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O’Tuck Tornado Devastated Community

By Charles Cooper

Hello everyone, hope you’re having a good week. I switched columns today since Berry let me know about the death of Kathy Ward and Bill Trusty.  

After the first column I wrote came out, I received a letter from Kathy Ward telling me how much she enjoyed it and also from time to time she would send me items that I could use in future columns. She invited me to visit in her home and she fed me some of the best pies I have ever eaten.

We stayed in touch over the years and I didn’t realize how serious her condition was last time I saw her.  Kathy will be missed by me and I’m sure by everyone who knew her. I offer my condolences to the family.  

My only contact with Mr. Bill was by phone once in a while, and the conversations were always interesting and instructional. I’m sorry he didn’t make that hundred year birthday, but hewas a strong presence for many years. My condolences to Sarah Nell and Elvis.

Since I get my Herald so late, I just learned of the death of my cousin, Donna Harding. My belated condolences to the family. Several years ago she had a mini family reunion for my cousin, David Cooper, from Chicago and his son David, Jr. and I. I called him today and he had not heard about her death.  

As I’ve done over the years, occasionally I’ll refer back to a previous column and I’d like to do that this week. Most of you will get your Herald this Wednesday and I’d like to take you back to 69 years ago on March 16, 1942.  

I was going to Camp Ground and our bus driver was Paul Reynolds. It had been a sultry day with dark clouds moving in and I noticed as each bus got loaded they drove off quickly. I don’t remember being concerned because I really didn’t think too much about weather conditions then.

It got worse as we drove along. Mr. Reynolds delivered each child and drove quickly away to the  next stop. When we reached the Palestine Cemetery, the rain came down in torrents with high winds. Mr. Reynolds parked the bus by a large white oak tree in front of Palestine Church–in retrospect the worst possible  place in the world to park.  But, he thought he was protecting us.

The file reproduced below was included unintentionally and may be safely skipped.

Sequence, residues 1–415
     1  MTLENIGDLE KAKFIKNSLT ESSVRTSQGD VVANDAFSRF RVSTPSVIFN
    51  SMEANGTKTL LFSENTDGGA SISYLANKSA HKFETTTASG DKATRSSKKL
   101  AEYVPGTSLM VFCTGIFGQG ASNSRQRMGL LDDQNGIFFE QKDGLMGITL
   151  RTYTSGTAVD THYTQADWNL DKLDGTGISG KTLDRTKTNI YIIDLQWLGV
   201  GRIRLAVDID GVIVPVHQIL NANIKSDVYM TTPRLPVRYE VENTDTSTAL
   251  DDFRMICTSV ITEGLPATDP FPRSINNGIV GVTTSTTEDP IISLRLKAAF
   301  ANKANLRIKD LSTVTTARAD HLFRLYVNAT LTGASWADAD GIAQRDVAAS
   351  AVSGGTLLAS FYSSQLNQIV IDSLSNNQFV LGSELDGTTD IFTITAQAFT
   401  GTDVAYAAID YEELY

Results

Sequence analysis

As I remember the only kids left, in addition to me, were the Higgins family, John Ashford, and a Williams girl whose first name I don’t remember after all these years. The bus rocked with the wind and we could look south and see a black cloud and a copper colored line under it. We didn’t realize it then, but at that exact time the O’Tuckalolfa community was being devastated.  

We learned later that at about the time we were boarding the buses at Camp Ground, Superintendent Ferrell at O’Tuckalofa school was pacing the floor until the last bus was loaded and on its way.  They had infant twins and he held one and Mrs. Ferrell the other. Later they found his body still holding the baby. Mrs. Ferrell and the other baby survived.  

The Wright family were dear friends of ours. Mrs. Wright and five children crowded into a storm shelter that looked barely big enough for two. Mr. Wright was on his way home from the field with a team of horses when he saw the twister and he got in a ditch.  When it passed he found one horse dead and the other alive.

Mr. and Mrs. Forrest Barber had a small store and Mrs. Barber was severely injured but recovered. Mr. Barber survived and was elected sheriff of Yalobusha county in 1959. The only ambulance service in town was the funeral homes and they used every vehicle and even called on The Oxford and Grenada funeral homes to help.

The City Auditorium on Railroad Street was turned into an emergency aid station and Dr. French, Dr. Cooper, and Dr. Leo Brown treated the victims there while Dr. George Brown and Dr. Ramey attended those in the hospital. Many people donated sheets, pillows and blankets, and some assisted the doctors in treating the patients.  There were so many injured that some were carried to Memphis.  

Hamric Henry was working at the McLarty funeral home and he was getting ready to make a trip to Memphis to pick up a body and a black man approached him and asked if he could ride with him to Memphis.      

When they got to Batesville, Hamric stopped to get a sandwich and he asked the man to have one and  he replied, “Thank you kindly, Mr. Henry, but I just buried my wife and children and I haven’t eaten anything since and I don’t know if I’ll ever eat again.”  

The school was completely destroyed and for the balance of the school term some were sent to Water Valley, some to Jeff Davis, and some to Camp Ground. The next year most were sent to Water Valley.

Theron and Gene Gail Bratton are the only surviving students that I know and I’d appreciate hearing from any of you that were part of that student body.  O’Tuckalofa rebuilt and today there is no evidence of the disaster that occurred on March 16, 1942.  

Let me hear from you  as my email address is still or write me at P.O. Box 613189 Memphis, TN 38101 and have a great week.

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